Coalition seats in Queensland were won by the LNP, but all seats are shown as Liberal or National held based on which Coalition party room successful LNP candidates joined after the election.

Margins are based on two-party preferred results in contests between the Coalition and Labor in 142 seats. Two-candidate margins are shown for the six seats won by minor parties and independents in 2019, and the final three seats are shown with Labor versus Green margins. (Cooper and Wills in Melbourne, Grayndler in Sydney.)

There were six other non-2PP contests in 2019. These were Cowper (NSW 6.8% NAT v IND), Farrer (10.9% LIB v IND), New England (14.4% NAT v IND), Wentworth (1.3% LIB v IND), Maranoa (22.5% NAT v ONP) and Kooyong (5.7% LIB v GRN). These margins are only relevant if a non-major party contestant emerges for the election so two-party preferred margins have been used for each seat on the pendulum.

Party codes are Liberal (LIB), National (NAT), Labor (ALP), Greens (GRN), Centre Alliance (CA), Katter’s Australia Party (KAP), Independent (IND) and One Nation (ONP).

I will update the pendulum if necessary when the AEC publishes its redistribution estimates ahead of the election. I may also amend margins depending on the pattern of Independent contests.

As already mentioned, I’ve prepared a well laid out printable ‘pdf’ version with seats listed in double-sided A4 format. You can find it at this link.

The 2022 Electoral Pendulum

Coalition Seats (76) Labor Seats (69)
Margin Electorate (State) Margin Electorate (State)
0.4 LIB Bass (TAS) 0.2 ALP Macquarie (NSW)
0.5 LIB Chisholm (VIC) 0.6 ALP Lilley (QLD)
1.4 LIB Boothby (SA) 0.8 ALP Eden-Monaro (NSW)
3.1 LIB Braddon (TAS) 0.9 ALP Cowan (WA)
3.2 LIB Reid (NSW) 1.0 ALP Corangamite (VIC)
3.2 LIB Swan (WA) 1.2 ALP Blair (QLD)
3.3 LIB Longman (QLD) 1.5 ALP Dobell (NSW)
3.7 LIB Higgins (VIC) 1.9 ALP Moreton (QLD)
4.2 LIB Leichhardt (QLD) 2.6 ALP Gilmore (NSW)
4.2 LIB Robertson (NSW) 2.7 ALP Dunkley (VIC)
4.6 LIB Casey (VIC) 2.8 ALP Greenway (NSW)
4.6 LIB Dickson (QLD) 2.9 ALP Griffith (QLD)
4.7 LIB Deakin (VIC) 3.0 ALP Hunter (NSW)
4.9 LIB Brisbane (QLD) 3.1 ALP Solomon (NT)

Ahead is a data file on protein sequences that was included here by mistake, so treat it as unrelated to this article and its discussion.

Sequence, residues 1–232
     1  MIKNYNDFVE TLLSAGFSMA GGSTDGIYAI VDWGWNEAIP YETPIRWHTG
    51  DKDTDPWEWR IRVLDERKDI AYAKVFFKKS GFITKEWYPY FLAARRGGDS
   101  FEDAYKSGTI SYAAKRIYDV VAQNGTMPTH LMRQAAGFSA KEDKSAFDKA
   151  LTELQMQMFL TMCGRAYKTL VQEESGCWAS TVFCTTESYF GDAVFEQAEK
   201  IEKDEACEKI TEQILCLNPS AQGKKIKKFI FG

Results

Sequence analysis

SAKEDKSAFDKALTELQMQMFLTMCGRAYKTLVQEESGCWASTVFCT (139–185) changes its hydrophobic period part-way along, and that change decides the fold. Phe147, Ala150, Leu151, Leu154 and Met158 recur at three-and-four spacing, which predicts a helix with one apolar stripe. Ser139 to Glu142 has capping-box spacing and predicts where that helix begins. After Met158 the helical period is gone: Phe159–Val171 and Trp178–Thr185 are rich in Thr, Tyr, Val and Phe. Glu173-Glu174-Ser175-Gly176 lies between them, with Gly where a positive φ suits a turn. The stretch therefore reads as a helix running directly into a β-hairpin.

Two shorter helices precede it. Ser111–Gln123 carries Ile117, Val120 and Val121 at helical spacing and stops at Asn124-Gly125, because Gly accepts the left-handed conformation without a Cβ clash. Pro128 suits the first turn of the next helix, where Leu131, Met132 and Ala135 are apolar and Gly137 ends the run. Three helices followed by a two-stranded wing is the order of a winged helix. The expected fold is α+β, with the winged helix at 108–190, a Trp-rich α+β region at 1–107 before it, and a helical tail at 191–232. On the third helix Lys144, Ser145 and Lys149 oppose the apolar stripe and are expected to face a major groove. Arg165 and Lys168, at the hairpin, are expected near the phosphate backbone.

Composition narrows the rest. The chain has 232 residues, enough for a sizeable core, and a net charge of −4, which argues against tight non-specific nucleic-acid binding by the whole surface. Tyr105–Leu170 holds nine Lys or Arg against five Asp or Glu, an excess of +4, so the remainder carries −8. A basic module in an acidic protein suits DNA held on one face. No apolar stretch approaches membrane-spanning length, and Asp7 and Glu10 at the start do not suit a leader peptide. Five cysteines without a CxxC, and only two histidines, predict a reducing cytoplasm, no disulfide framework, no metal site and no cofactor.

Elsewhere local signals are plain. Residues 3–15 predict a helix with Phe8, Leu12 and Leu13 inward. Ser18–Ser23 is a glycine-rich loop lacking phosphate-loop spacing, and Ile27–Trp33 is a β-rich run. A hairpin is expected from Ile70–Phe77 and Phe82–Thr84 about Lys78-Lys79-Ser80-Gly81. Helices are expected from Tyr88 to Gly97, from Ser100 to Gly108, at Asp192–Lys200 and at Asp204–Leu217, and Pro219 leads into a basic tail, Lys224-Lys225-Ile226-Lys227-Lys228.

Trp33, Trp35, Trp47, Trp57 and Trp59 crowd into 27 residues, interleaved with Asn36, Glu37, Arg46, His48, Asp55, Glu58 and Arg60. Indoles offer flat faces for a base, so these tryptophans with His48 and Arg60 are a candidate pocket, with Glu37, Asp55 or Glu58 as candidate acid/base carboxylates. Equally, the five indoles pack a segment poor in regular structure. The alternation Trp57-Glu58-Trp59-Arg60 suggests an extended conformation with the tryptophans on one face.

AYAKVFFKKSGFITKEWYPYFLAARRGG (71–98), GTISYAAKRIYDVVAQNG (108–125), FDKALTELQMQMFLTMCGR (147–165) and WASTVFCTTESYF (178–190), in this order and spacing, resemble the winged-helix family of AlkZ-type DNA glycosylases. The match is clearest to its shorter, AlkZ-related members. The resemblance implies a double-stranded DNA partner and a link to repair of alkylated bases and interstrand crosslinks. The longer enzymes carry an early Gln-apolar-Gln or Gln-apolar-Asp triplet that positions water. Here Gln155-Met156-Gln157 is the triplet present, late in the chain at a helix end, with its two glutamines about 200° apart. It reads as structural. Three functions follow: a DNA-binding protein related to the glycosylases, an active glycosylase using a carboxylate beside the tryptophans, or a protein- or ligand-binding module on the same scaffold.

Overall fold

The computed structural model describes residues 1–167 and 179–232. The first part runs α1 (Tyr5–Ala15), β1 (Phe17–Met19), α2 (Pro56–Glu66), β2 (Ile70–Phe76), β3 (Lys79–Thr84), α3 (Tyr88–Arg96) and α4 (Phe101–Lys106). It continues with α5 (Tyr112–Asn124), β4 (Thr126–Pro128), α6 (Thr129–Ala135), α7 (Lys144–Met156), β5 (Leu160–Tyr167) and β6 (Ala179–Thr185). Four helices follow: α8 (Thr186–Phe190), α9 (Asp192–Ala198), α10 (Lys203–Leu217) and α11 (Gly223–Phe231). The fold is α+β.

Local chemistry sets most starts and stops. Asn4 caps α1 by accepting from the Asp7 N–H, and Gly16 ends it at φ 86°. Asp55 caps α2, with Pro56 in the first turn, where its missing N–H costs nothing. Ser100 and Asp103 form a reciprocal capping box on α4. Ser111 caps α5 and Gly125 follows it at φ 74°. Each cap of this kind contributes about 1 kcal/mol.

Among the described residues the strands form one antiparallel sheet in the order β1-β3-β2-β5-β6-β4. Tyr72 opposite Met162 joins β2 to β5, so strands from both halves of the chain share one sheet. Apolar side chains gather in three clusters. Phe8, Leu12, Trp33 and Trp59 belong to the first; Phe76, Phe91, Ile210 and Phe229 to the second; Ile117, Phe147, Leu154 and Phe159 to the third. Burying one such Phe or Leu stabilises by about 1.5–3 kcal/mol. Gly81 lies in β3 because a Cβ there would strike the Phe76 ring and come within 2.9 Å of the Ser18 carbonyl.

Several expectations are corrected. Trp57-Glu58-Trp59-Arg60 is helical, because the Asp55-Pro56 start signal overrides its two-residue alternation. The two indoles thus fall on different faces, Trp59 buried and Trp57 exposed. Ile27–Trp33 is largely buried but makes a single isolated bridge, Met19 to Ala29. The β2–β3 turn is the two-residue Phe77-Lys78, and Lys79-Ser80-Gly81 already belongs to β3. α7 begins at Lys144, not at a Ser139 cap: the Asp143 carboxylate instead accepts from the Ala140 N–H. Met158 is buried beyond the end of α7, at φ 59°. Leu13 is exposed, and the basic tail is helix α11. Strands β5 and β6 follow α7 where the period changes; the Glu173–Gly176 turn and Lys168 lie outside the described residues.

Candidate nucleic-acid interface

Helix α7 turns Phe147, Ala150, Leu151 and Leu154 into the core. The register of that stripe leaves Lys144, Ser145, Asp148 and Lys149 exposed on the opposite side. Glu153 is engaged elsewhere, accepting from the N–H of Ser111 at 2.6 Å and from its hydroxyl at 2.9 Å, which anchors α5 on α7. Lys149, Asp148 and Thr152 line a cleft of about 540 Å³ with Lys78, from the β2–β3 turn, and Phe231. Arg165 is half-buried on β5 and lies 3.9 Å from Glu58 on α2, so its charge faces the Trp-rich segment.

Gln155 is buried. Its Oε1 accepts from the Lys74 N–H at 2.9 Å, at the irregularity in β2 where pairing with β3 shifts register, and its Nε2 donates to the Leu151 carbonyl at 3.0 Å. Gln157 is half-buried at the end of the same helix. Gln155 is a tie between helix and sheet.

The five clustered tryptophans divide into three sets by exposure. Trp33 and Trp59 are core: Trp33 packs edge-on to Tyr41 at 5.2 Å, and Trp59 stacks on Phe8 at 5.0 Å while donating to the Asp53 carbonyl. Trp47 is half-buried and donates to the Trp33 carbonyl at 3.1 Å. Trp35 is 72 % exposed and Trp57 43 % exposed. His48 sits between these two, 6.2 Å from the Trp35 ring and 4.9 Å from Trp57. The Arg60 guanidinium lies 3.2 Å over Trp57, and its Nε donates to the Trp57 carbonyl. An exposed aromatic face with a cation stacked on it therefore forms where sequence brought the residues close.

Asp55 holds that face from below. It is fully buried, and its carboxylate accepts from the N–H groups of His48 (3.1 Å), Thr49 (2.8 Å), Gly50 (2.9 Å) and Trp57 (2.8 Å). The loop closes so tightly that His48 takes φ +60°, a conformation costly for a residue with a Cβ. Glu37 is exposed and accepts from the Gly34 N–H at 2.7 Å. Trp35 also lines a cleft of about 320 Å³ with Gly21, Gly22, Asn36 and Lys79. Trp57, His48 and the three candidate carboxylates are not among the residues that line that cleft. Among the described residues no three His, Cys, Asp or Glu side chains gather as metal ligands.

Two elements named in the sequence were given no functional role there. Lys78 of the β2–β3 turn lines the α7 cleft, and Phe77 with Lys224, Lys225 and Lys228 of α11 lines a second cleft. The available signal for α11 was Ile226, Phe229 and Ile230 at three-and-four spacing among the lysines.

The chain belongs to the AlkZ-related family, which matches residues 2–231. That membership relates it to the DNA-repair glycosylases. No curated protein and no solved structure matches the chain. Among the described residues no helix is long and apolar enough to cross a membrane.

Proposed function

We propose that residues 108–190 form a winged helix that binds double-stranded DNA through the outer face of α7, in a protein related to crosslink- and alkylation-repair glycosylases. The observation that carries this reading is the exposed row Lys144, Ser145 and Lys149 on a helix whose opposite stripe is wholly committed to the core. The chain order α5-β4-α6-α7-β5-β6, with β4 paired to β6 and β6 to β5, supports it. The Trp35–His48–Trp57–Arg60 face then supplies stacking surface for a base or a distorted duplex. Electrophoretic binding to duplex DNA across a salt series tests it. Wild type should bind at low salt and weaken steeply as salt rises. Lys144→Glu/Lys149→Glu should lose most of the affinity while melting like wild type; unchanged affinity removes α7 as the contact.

5.0 LIB Lindsay (NSW) 3.2 ALP Perth (WA)
5.2 LIB Pearce (WA) 3.5 ALP Parramatta (NSW)
5.5 LIB La Trobe (VIC) 4.1 ALP Richmond (NSW)
5.6 LIB Flinders (VIC) 4.4 ALP Shortland (NSW)
5.9 LIB Hasluck (WA) 5.0 ALP Paterson (NSW)
6.0 LIB Ryan (QLD) 5.2 ALP Lyons (TAS)
6.3 LIB Banks (NSW) 5.3 ALP McEwen (VIC)
6.4 LIB Kooyong (VIC) 5.5 ALP Lingiari (NT)
6.9 LIB Monash (VIC) 5.5 ALP Werriwa (NSW)
6.9 LIB Sturt (SA) 5.5 ALP Burt (WA)
6.9 LIB Bennelong (NSW) 5.9 ALP Jagajaga (VIC)
7.0 LIB Menzies (VIC) 6.1 ALP Macnamara (VIC)
7.4 LIB Bonner (QLD) 6.4 ALP Oxley (QLD)
7.8 LIB Goldstein (VIC) 6.4 ALP Isaacs (VIC)
8.4 LIB Herbert (QLD) 6.4 ALP Rankin (QLD)
8.4 LIB Petrie (QLD) 6.5 ALP Hindmarsh (SA)
8.6 LIB Forde (QLD) 6.6 ALP McMahon (NSW)
8.7 NAT Flynn (QLD) 6.7 ALP Brand (WA)
9.3 LIB North Sydney (NSW) 6.9 ALP Fremantle (WA)
9.4 NAT Page (NSW) 7.3 ALP Bruce (VIC)
9.5 LIB Tangney (WA) 7.5 ALP Bean (ACT)
9.8 LIB Hughes (NSW) 8.2 ALP Adelaide (SA)
9.8 LIB Wentworth (NSW) 8.2 ALP Wills (VIC) v GRN
10.1 LIB Aston (VIC) 8.4 ALP Macarthur (NSW)
10.2 LIB Wannon (VIC) 8.8 ALP Kingsford Smith (NSW)
10.2 LIB Bowman (QLD) 8.9 ALP Bendigo (VIC)
11.6 LIB Canning (WA) 8.9 ALP Holt (VIC)
11.6 LIB Moore (WA) 9.4 ALP Barton (NSW)
11.9 NAT Cowper (NSW) 9.7 ALP Makin (SA)
12.2 LIB McPherson (QLD) 10.2 ALP Hawke (VIC)
12.4 NAT Capricornia (QLD) 10.3 ALP Ballarat (VIC)
12.7 LIB Fisher (QLD) 10.3 ALP Maribyrnong (VIC)
13.0 LIB Hume (NSW) 10.3 ALP Corio (VIC)
13.1 NAT Wide Bay (QLD) 10.6 ALP Fenner (ACT)
13.2 LIB Mackellar (NSW) 10.9 ALP Whitlam (NSW)
13.3 NAT Calare (NSW) 11.2 ALP Hotham (VIC)
13.3 LIB Grey (SA) 11.9 ALP Kingston (SA)
13.4 LIB Fairfax (QLD) 12.2 ALP Franklin (TAS)
13.5 LIB Durack (WA) 12.4 ALP Chifley (NSW)
13.9 LIB Curtin (WA) 12.4 ALP Lalor (VIC)
14.2 LIB Fadden (QLD) 13.0 ALP Gellibrand (VIC)
14.5 NAT Hinkler (QLD) 13.4 ALP Cunningham (NSW)
14.6 LIB Forrest (WA) 13.5 ALP Watson (NSW)
14.6 LIB Wright (QLD) 13.8 ALP Newcastle (NSW)
14.6 NAT Dawson (QLD) 14.0 ALP Fowler (NSW)
15.2 NAT Lyne (NSW) 14.1 ALP Spence (SA)
15.4 LIB Moncrieff (QLD) 14.3 ALP Gorton (VIC)
15.4 LIB O’Connor (WA) 14.6 ALP Cooper (VIC) v GRN
15.6 LIB Berowra (NSW) 14.7 ALP Blaxland (NSW)
15.7 NAT Mallee (VIC) 16.3 ALP Grayndler (NSW) v GRN
16.6 LIB Bradfield (NSW) 17.1 ALP Canberra (ACT)
16.7 NAT Gippsland (VIC) 18.1 ALP Fraser (VIC)
16.9 NAT Parkes (NSW) 18.7 ALP Sydney (NSW)
17.6 NAT New England (NSW) 19.6 ALP Calwell (VIC)
18.6 LIB Mitchell (NSW) 21.7 ALP Scullin (VIC)
18.9 LIB Barker (SA)
19.0 LIB Cook (NSW) OTHERS (6)
19.5 NAT Riverina (NSW) Margin Electorate (State)
19.8 LIB Farrer (NSW) 1.4 IND Indi (VIC) v LIB
20.0 NAT Nicholls (VIC) 5.1 CA Mayo (SA) v LIB
20.5 LIB Groom (QLD) 7.2 IND Warringah (NSW) v LIB
25.4 NAT Maranoa (QLD) 13.3 KAP Kennedy (QLD) v LNP
21.8 GRN Melbourne (VIC) v LIB
22.1 IND Clark (TAS) v ALP

13 thoughts on “2022 Federal Electoral Pendulum”